Robert Anae’s comment that “you’re never gonna find a great quarterback on a bad team” drew plenty of heat from folks who read it as an indictment of Virginia’s quarterback play in 2016. But if it meant UVA needs to beef up the talent around the QB position, then the Hoos seem to be turning those words into action.
Offensive line coach Garrett “2J” Tujague and director of player personnel Justin Anderson started following two big names that should be on the transfer market this winter: Ohio State tackle Evan Lisle, and Notre Dame guard John Montelus.
(Lisle is also being followed by Bronco Mendenhall and the official recruiting Twitter account.)
Montelus officially announced his decision to transfer in an Instagram post in late November. He should earn his degree from Notre Dame this offseason and would be eligible immediately in 2017.
After not seeing the field his freshman year, Montelus has played in six games over the last three years. In 2016, he played 18 snaps against Nevada as part of a wholesale line substitution once the Irish had the game well in hand. His only other appearance this year was two snaps against Army. The Notre Dame roster lists Montelus as a defensive lineman after he prepped for the 2015 Fiesta Bowl on defense, but he came to South Bend as an offensive lineman and all of his game participation has been on the offensive side of the ball.
A four-star recruit and Army All-American from Everett, Massachusetts (a suburb of Boston), Montelus was widely recruited coming out of high school. Virginia extended an offer under Mike London, as did heavy hitters the likes of Florida, LSU, Miami, and Michigan.
The only good film on Montelus is from his senior season at Everett, so it has to be taken with a grain of salt. His technique is generally good, but he’s inconsistent: his hip bend disappears on some set-ups for pass protection, and he doesn’t always finish plays. He’s obviously very big and very strong, but sometimes relies too much on being just plain bigger than the guys across the ball.
Lisle is likewise on track to earn his degree in the offseason, and is expected to be headed out of Columbus. He spent the 2016 season as the backup to Jamarco Jones, but played in every game on special teams. (You can see him on field goal blocking in the clip below: #75, just to the right of the snapper.)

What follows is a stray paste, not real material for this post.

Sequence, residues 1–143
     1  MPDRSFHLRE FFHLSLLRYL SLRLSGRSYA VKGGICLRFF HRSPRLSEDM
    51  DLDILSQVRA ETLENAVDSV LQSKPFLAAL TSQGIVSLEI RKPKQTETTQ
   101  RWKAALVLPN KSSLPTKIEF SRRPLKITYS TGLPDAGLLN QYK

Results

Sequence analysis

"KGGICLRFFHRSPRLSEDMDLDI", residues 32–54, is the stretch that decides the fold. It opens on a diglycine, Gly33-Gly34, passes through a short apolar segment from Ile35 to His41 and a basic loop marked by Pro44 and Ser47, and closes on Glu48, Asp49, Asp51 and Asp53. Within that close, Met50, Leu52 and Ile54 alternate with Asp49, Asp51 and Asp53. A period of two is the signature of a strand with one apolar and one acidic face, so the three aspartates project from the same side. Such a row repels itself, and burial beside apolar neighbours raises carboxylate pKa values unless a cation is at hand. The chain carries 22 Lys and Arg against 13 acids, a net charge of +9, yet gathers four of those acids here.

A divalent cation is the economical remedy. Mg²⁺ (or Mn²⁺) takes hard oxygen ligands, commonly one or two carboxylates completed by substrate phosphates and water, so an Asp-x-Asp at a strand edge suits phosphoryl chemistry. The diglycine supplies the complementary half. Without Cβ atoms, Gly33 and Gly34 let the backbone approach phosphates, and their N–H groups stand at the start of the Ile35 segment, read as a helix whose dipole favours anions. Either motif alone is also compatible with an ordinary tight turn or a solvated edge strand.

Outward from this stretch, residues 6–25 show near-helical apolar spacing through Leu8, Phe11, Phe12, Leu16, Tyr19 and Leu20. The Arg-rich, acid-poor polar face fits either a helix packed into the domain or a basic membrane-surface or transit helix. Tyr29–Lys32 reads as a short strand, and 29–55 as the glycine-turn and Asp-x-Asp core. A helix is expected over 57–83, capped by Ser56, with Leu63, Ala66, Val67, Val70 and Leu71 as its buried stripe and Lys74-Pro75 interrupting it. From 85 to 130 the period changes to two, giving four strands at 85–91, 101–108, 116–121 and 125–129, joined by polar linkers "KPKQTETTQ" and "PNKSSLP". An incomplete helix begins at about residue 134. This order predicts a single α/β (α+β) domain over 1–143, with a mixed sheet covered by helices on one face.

NO GOOD! Tyler Durbin misses his second field goal. Michigan still leads OSU, 17-14. pic.twitter.com/Xae9mO2KyF— Evan Petzold (@EvanPetzold) November 26, 2016
Lisle played much the same role in 2015, appearing in every game for Ohio State as a special teams player.
Like Montelus, Lisle was rated four stars and was honored as an Army All-American. Virginia didn’t get in the mix the first time around but Lisle held offers from most of the Big Ten, as well as Alabama, Notre Dame, and Oklahoma.
Lisle’s tape is more impressive than Montelus’s above. Despite being 6’5, Lisle manages to get his pad level underneath even smaller defenders. His feet never stop moving when he engages in the run game—combined with his size and strength advantage, that leads to damn near comical results on some of the plays. He occasionally absorbs defenders in pass protection instead of holding them at arm’s length, but that’s an easy thing to coach out of a guy at the college level. If Lisle has kept the athleticism shown here—when he was in the 260-pound range—as he’s gotten up to around 300, he could make for a very nice addition along the line for UVA.
Both Lisle and Montelus were extraordinary prep players. They both went to elite programs stocked with many other extraordinary prep players. The fact that they didn’t play much at their respective institutions is probably more a reflection on each institution than a reflection on either player.
Offensive line recruiting is progressing in earnest on the high school front. The coaches were in-house with Highland Springs standout Mekhi Becton this week, and UVA is in the final three for Southampton’s Tyran Hunt. Having guys like Lisle or Montelus (or, dare to dream, both) would give Virginia an immediate boost in experience, talent, and depth while Becton, Hunt, and their cohort develop.